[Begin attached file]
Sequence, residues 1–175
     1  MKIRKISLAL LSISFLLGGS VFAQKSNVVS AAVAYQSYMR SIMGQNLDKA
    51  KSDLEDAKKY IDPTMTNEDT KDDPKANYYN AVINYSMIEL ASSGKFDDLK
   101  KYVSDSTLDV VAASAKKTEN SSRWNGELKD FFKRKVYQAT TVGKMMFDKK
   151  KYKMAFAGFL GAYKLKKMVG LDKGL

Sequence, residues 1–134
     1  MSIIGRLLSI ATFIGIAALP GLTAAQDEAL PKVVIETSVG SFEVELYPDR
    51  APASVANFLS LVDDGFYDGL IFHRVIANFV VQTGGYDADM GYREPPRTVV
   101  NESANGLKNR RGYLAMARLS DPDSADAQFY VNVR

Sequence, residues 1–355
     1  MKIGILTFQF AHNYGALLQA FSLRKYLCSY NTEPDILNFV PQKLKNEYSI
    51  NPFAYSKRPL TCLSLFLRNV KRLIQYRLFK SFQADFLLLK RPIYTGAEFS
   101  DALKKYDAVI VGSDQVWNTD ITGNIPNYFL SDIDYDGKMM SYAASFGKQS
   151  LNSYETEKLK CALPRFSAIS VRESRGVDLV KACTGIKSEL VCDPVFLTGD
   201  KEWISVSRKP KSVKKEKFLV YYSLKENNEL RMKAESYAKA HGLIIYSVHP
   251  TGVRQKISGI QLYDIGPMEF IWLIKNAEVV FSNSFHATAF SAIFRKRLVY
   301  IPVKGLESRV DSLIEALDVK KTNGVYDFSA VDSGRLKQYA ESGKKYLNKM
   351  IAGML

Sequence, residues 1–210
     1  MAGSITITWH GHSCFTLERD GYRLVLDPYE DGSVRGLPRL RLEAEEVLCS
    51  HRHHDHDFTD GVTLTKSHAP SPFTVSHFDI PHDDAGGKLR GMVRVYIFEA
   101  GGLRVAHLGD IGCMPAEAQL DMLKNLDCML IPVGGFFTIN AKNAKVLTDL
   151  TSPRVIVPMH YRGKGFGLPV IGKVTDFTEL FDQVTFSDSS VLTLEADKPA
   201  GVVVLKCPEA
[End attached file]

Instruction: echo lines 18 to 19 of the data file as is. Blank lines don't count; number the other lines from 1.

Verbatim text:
   351  IAGML

Sequence, residues 1–210